ALEUTIAN HISTORY

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The Aleutians are a chain of small islands that separate the Bering Sea (north) from the main portion of the Pacific Ocean (south) and extend in an arc southwest, then northwest, for about 1,100 miles (1,800 km) from the tip of the Alaska Peninsula to Attu Island, Alaska, U.S. The archipelago consists of 14 large islands, some 55 smaller islands, and innumerable islets, all of which occupy a land area of 6,821 square miles (17,666 square km) and are part of the U.S. state of Alaska. The major island groups from east to west are the Fox Islands, the Islands of the Four Mountains, and the Andreanof, Rat, and Near islands. The Komandor Islands near the Kamchatka Peninsula (Russia) are geographically part of the Aleutians.

The Aleutian Islands form a segment of the Circum-Pacific chain of volcanoes (often called the Ring of Fire) and represent a partially submerged continuation of Alaska's Aleutian Range.  Most of the islands bear marks of volcanic origin; some volcanoes remain active. The shores are rocky and worn by the surf, and the approaches are dangerous; the land rises abruptly from the coasts to steep, bold mountains. The main navigational lanes through the chain are the Unimak, Umnak, Amukta, and Seguam passes.

Characterized by fairly uniform temperatures, high winds, heavy rainfall, and persistent fog, the Aleutians are practically devoid of trees but are covered with a luxuriant growth of grasses, sedges, and many flowering plants. The Aleutian Islands unit of the Alaska Maritime National Wildlife Refuge covers 4,250 square miles (11,000 square km) and extends between Unimak (east) and Attu (west) islands. By regulating the numbers of wildlife (notably sea otters and seals), the refuge has eliminated the threat of starvation to the native Aleuts, who have always lived by fishing and hunting. The raising of blue foxes has furnished employment for many.

The main settlements are on Unalaska and Adak islands. The oldest and largest, settled 1760-75, is Unalaska, the former headquarters of a large U.S. Coast Guard fleet that patrolled the sealing grounds of the Pribilof Islands to the north. The next largest settlement, Adak Station, is the site of a naval station established in 1942. Shemya Station is/was the site of a U.S. Air Force installation. Attu is home to a Coast Guard contingency providing LORAN navaids.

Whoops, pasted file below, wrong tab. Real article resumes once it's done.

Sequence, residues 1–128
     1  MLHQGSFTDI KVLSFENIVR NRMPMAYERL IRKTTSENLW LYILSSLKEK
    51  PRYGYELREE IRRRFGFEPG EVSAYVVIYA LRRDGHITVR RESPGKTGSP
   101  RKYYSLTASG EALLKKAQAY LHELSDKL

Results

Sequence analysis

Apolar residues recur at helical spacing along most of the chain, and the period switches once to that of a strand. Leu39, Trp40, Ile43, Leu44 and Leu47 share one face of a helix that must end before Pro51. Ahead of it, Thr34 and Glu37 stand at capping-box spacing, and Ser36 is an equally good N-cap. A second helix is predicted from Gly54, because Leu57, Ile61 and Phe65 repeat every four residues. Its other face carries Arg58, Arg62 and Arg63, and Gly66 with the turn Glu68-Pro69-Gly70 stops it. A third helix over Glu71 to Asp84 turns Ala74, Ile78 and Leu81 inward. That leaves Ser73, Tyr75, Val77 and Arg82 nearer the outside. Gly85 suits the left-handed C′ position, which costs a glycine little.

In 1741 the Russians sent out Vitus Bering, a Dane, and Aleksey Chirikov, a Russian, on a voyage of discovery. After their ships parted in a storm, Chirikov discovered several of the eastern islands, while Bering discovered several of the western islands. Upon learning of the abundance of fur-bearing animals, Siberian hunters flocked to the Komandor Islands and gradually moved eastward across the Aleutians to the mainland. In this manner, Russia gained a foothold in North America but nearly caused the extinction of the Aleuts as a consequence of slaughter and enslavement. Russia sold the islands, along with the rest of Alaska, to the United States in 1867.  A chart of the coast line was prepared by the United States Coast and Geodetic Survey office, and a stock of Blue Foxes were placed on several of the islands to provide the native Aleuts with a means of livelihood.

In 1942 the Japanese invaded and occupied Attu and Kiska islands, relocating and interning the inhabitants as prisoners of war in Japan. A year later, after 19 days of battle, the United States recaptured Attu. During the Cold War the military stations on the Aleutian Islands were vital links in the strategic defense of the North American continent. Pop. (1990) 11,942.

The Aleuts are native to the Aleutian Islands and western portion of the Alaska   Peninsula of northwest North America. Aleuts speak three mutually intelligible dialects and are closely related to the Eskimo in language, race, and culture. The earliest people, the Paleo-Aleuts, arrived in the Aleutian Islands from the Alaskan mainland about 2000 BC. Other studies suggest the Aleuts inhabited this area for over 9,000 years.

The Aleuts hunted seals, sea otters, whales, sea lions, sometimes walrus, and, in some areas, caribou and bears. Fish, birds, and mollusks were also taken. One-man and two-man skin boats known as bidarkas, or kayaks, and large, open, skin boats (Eskimo umiaks) were used. Aleut women wove fine grass basketry; stone, bone, and ivory were also worked.

Ancient Aleut villages were situated on the seashore near fresh water, with a good landing for boats and in a position safe from surprise attack from other Aleuts or neighboring tribes. After the arrival of the Russians in the 18th and 19th centuries, internal warfare ceased, and villages were located at river mouths, where salmon were caught in the annual salmon runs. Villages were usually composed of related families. A chief might govern several villages or an island, but there was no chief over all Aleuts or even over several islands.

The Aleut population declined drastically under Russian domination. When the Russians first arrived, there were about 25,000 Aleuts, but by the end of the 20th century they numbered only about 2,000. By the 1830s their traditional way of life was disrupted, and only vestiges have survived.

For a very good presentation of the Aleut peoples leading up to and after WWII, you'll want to view the DVD "Aleut Story." Visit http://www.aleutstory.tv/ for additional information.

 


Some material Copyright 1994-1998 Encyclopaedia Britannica

Last Updated: 04 January 2013

Originally published 5 April 2001